Q&A with Dorsetborn’s Rohan Gotobed


Can you imagine spending your holiday in Antarctica? Or becoming best friends with a penguin? 

A brrr-iliant adventure filled with puppetry, jokes, and a heart warming original story, Georgia and the Iceberg is new company Dorsetborn's brand-new play for ages 7 and up, supported by National Youth Theatre and Lighthouse.

Here, Dorsetborn’s Artistic Director Rohan Gotobed answers a few of our questions...

Tell us a bit about Georgia and the Iceberg – what can our young audiences expect to see? 

Georgia and the Iceberg is Dorsetborn’s first ever production! What is it about?  

Well, it’s definitely an epic adventure. Georgia has gone to Antarctica to visit her big sister Helena. When she discovers a giant Iceberg (the biggest ever!) is about to collide with a nearby penguin colony, she has to team up with a runaway (and very cheeky) penguin to try and save the day. 

We’ve got a magical and empowering original story perfect for young audiences (7+) who’ve grown up on Disney, Harry Potter, and Studio Ghibli. Two amazing actors, Flossie and Zoë, will transport you to Antarctica and we’ve also got stunning puppetry, onstage games, and an enchanting soundtrack which means Georgia and the Iceberg will be utterly unforgettable!  

It’s also worth saying that the play will be fully captioned with specific BSL-Interpreted performances (including our shows at Lighthouse). 

How did the idea for the show come about? 

It’s actually inspired by a true story. Okay, maybe not about a girl called Georgia, but a real-life iceberg that nearly caused an environmental crisis on the South Georgia Islands in 2020. I was really enraptured by this awesome natural phenomenon and the existential threat it caused to wildlife. I wondered: ‘how does the human world and natural world co-exist in the 21st century?’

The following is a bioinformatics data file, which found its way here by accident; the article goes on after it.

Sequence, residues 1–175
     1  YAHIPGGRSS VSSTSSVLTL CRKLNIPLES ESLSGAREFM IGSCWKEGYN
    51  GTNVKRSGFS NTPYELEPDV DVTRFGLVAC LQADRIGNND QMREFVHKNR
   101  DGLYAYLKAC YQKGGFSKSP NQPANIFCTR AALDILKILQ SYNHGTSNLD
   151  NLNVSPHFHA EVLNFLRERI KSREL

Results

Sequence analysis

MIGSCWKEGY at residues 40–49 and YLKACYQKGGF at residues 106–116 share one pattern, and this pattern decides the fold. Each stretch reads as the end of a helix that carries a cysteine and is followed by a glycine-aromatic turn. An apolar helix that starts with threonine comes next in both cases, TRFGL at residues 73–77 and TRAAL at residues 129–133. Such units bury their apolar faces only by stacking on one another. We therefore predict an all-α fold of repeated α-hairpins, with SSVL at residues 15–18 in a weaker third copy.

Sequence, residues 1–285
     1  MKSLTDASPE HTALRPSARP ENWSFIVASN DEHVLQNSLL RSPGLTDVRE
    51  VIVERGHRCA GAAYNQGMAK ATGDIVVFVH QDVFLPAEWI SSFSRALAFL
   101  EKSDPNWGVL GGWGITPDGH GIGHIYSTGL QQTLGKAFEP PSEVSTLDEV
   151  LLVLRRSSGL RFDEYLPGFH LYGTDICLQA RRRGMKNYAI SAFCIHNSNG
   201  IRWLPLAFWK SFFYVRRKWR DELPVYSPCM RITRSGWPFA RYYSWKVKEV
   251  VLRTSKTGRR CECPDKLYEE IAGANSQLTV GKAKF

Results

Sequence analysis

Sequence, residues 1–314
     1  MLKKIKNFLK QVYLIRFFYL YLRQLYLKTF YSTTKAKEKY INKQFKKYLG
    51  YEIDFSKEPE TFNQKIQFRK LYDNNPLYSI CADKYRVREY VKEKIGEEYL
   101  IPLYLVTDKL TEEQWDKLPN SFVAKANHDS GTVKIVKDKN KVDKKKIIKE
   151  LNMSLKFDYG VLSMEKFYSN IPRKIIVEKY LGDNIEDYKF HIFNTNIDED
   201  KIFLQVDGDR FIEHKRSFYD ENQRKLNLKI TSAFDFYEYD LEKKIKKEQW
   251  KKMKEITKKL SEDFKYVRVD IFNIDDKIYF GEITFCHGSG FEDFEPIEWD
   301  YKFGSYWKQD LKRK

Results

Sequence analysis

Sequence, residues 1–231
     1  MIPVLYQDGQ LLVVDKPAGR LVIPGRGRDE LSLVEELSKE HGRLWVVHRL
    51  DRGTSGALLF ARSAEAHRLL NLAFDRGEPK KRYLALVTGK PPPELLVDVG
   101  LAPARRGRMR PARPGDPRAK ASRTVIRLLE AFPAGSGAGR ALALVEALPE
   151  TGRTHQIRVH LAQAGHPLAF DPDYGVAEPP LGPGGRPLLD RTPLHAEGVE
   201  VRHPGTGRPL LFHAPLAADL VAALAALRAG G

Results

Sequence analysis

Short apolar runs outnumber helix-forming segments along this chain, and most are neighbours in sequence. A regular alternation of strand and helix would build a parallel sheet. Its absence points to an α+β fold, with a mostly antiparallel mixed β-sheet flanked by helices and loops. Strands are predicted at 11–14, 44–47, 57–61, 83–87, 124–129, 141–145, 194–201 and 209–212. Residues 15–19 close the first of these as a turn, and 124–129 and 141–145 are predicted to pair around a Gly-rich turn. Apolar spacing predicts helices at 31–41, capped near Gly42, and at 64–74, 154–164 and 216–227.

At the time I was training at the Unicorn Theatre in London, who make fantastic new plays that resonate with young audiences. I naturally imagined a young character who could be caught in a similar situation. What could she be called? I re-read the news story and the rest is history! 

How do you think young audiences will respond to a message about the climate crisis? 

The climate crisis is a serious subject, but that doesn’t mean we can’t have fun and encourage our audiences to be hopeful about the future. Our play shows how young people can become agents of change and respect the natural world.  

Georgia and the Iceberg has been workshopped with schoolchildren around Dorset so it’s been a joy to see their reactions and ensure the play not only has something to say about the climate crisis, but also how we can work together to positively change the world. 

What part has Lighthouse played in supporting the development of this piece? 

Lighthouse has been hugely supportive of Dorsetborn as a company, and of Georgia and the Iceberg as a play. Priya Patel Appleby and I originally developed this play during an R&D process last year (a week at Lighthouse and a week at the Lyric Theatre in Bridport – we really are Made in Dorset!) Then, when we decided we wanted to make the full production, I couldn’t think of anywhere better to premiere than Lighthouse. The Sherling is such a wonderful space, it’s been wonderful to rehearse here and we can’t wait to welcome audiences to see the full show for the first time. 



Is it fair to see this as campaigning theatre; and is that part of Dorsetborn’s ethos? 


More than anything, Dorsetborn want to tell great stories that reflect our modern world. We’re not interested in agitprop but are always determined to ask big questions about how we got here. My favourite plays help me to see other points of view and better understand peoples’ lived experiences. Everyone who comes to see a Dorsetborn production will always have a thrilling time and we’re excited to chat to our audiences after the show. 

Rohan Gotobed, Artistic Director, Dorsetborn